The epigraph for T.C. Boyle's new short story collection is taken from Henry David Thoreau: "In Wildness is the preservation of the world."
But are we so far from wildness we can't recognize it anymore?
Some of the 14 tales in Wild Child and Other Stories hint that we might be, while others reveal a hunger for the passionate, intense, inexplicable experience, suggesting we still need wildness and may be hopeless without it.
Boyle is a masterful novelist, as such complex books as The Road to Wellville, Drop City and The Women make clear. But he also has a gift for the tighter, sharper focus of the short story. This is his ninth collection, and it teems with strong writing and surprises.
Several of these stories focus on predator-prey relationships. We might not think of ourselves as either, but Boyle has another perspective. In Question 62, two sisters, both longtime vegetarians, unexpectedly find themselves faced with predators. For Mae, crushing snails in her California garden, it's a surreal confrontation: She looks through her fence and sees a tiger.
Anita, a young widow in Wisconsin, comes home from working the night shift to find another kind of predator on her doorstep. The neighbor who wants to talk to her about a petition to allow the hunting of feral cats is tall and boyish, "wearing some sort of animal-skin hat with the ragged frizz of a tail dangling in back."
For both sisters, the predator's gaze is a kind of enchantment before which they're pretty much helpless. A similar surrender occurs in Hands On, when a 35-year-old divorced woman goes to a plastic surgeon, just for a little Botox. "He had run his fingers under her chin, stroked the flesh below her ears and pressed his thumbs into the hollows there," and to her those caresses feel like a lover's. It doesn't end well.
Two of the stories, Sin Dolor and The Unlucky Mother of Aquiles Maldonado, read like salutes to Gabriel García Márquez, not just in their Latin American settings but in their touches of fable and magic, and their glimpses into the hidden human heart. The title character of Sin Dolor is the seventh child of a family of taco vendors in a little Mexican town. As his doctor tells us, "He came into the world like all the rest of them — like us, that is — brown as an iguana and flecked with the detritus of afterbirth."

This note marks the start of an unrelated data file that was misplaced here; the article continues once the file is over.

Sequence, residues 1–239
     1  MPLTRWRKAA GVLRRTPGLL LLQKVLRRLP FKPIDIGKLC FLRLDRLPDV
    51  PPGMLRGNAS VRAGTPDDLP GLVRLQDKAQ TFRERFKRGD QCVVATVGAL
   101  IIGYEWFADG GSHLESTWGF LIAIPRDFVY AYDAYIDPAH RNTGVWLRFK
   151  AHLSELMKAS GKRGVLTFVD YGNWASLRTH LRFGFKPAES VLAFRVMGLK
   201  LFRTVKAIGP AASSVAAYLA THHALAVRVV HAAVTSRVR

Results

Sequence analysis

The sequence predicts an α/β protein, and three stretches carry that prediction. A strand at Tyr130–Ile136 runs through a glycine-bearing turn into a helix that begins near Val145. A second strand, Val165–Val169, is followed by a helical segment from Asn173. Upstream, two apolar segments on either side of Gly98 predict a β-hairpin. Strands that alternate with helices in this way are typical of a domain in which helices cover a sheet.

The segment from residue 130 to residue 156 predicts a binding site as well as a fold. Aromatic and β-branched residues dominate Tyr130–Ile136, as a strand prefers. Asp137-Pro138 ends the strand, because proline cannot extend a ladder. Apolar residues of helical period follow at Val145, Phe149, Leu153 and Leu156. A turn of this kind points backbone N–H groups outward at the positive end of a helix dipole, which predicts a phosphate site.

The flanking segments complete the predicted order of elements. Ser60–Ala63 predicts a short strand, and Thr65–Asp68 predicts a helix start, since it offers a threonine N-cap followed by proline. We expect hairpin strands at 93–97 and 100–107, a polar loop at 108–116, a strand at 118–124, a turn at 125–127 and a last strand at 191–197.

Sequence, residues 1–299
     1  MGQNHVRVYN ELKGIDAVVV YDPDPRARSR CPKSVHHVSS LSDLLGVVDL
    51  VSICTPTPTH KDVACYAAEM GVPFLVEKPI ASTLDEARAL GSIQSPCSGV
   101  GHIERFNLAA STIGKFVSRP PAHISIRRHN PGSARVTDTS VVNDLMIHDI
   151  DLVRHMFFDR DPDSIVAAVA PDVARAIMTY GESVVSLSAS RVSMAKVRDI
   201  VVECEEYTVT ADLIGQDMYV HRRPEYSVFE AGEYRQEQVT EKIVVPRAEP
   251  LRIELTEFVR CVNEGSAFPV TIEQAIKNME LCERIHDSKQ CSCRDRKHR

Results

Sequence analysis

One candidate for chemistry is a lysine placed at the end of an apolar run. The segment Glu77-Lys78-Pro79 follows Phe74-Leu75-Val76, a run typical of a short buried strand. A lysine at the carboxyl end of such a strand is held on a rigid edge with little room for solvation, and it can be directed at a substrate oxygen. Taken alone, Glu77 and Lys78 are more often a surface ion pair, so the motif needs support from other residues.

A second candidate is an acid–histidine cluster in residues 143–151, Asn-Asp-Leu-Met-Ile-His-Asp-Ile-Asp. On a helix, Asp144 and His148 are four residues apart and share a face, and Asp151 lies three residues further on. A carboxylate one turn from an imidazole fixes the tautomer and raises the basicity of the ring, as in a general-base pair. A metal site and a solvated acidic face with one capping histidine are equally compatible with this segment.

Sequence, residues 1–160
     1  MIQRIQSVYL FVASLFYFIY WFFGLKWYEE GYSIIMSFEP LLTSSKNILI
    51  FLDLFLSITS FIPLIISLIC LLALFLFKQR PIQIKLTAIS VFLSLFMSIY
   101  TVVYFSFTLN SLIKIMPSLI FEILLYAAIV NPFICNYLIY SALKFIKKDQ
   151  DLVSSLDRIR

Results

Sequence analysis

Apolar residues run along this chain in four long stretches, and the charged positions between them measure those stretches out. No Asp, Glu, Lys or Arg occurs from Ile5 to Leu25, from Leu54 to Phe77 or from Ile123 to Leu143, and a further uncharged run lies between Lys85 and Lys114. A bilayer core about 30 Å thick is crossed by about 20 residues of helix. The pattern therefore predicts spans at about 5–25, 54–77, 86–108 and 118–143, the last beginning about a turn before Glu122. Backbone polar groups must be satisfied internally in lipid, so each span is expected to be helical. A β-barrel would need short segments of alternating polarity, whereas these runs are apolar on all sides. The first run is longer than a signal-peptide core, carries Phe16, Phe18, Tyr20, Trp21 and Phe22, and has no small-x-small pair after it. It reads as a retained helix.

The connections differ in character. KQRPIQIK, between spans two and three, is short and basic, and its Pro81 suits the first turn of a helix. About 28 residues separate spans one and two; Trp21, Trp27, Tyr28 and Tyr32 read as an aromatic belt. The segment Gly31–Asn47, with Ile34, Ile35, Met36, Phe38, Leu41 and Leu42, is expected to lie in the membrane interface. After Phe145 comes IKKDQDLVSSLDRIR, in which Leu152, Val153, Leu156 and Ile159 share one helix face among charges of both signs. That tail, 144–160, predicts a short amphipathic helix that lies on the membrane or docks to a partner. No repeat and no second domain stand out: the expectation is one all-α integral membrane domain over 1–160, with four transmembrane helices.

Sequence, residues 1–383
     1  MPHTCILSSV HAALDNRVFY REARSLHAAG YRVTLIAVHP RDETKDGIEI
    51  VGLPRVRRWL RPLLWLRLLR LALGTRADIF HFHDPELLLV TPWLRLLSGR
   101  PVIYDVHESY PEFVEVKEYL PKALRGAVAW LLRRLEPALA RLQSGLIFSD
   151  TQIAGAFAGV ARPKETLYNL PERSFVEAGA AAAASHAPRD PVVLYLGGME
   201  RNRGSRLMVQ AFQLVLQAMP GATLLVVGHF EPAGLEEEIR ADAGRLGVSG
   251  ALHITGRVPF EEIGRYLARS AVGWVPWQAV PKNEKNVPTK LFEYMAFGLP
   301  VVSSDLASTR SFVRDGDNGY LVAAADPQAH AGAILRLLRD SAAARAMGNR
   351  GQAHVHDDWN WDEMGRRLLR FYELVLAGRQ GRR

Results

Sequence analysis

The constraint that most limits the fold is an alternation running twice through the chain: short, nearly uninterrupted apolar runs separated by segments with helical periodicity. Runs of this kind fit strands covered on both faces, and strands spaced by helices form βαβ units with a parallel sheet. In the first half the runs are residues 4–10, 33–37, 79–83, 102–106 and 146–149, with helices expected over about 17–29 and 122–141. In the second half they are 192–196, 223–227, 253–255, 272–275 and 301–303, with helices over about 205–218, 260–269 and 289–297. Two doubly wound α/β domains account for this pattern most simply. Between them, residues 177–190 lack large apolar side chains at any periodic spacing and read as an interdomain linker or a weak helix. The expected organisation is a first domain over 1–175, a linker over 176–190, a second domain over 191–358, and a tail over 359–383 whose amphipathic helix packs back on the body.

But this baby is remarkable: He feels no pain. He doesn't cry when the doctor slaps his behind. Four years later, he doesn't cry when he picks two coals out of the fire and holds them until his hands are charred — his mother is alerted only by the roasting smell, "just like goat. Only different."
The doctor wants to find the source of the boy's ability to withstand pit bull attacks, broken legs and scorpion stings without flinching. The child's father wants to make money. Soon enough, they discover one thing that can hurt him.
The Unlucky Mother of Aquiles Maldonado is about a Venezuelan who becomes a star playing baseball in the United States — and the hero of his hometown. When kidnappers take his mother for ransom, he risks losing everything to rescue her.
But Marita, his mother, has an unexpected response to being held prisoner for months. Surviving requires all her resources; she knows her captors are more than capable of killing her. Somehow, amid the terror, she becomes more alive than she has ever been.
A similar transformation occurs in La Conchita. A courier, ferrying a human liver for transplant, is having the usual workday, aggressively jockeying through Southern California traffic and thinking his job is pretty important, when a mudslide closes the road.
He's just frustrated until a mud-covered woman appears, banging on his window and begging for help, and he finds himself digging frantically until an arm comes thrusting out of the mud and everything changes.
The book's title story, almost novella length, is based on the true story of Victor of Aveyron. Discovered in southern France in 1797, he was a boy of about 10, naked and filthy, who could not speak and seemed to have grown up on his own in the forest. Boyle follows the wild child's experiences from the time he is first captured through his stays with several caretakers.
While they are debating whether the boy is an example of Rousseau's Noble Savage or a freak to be institutionalized, Boyle shows us how it feels for a child who has no memory of ever being indoors to be confined within four walls.
The utter strangeness of Victor's experience is lost on the people who believe they are helping him. Every one of them, from the government commissioner to the man who runs the orphanage to the doctor at the Paris home for deaf children who tries to educate the boy, has his own agenda.
Limited by their own rigid views of the world, none of them can see the wild child clearly. They dismiss him as unable to communicate, but we, in Boyle's skillful hands, see his desperate attempts to join a human race too far from the wild to open its heart.
Colette Bancroft can be reached at firstname.lastname@example.org or (727) 893-8435. She blogs on Critics Circle at blogs. tampabay.com/arts.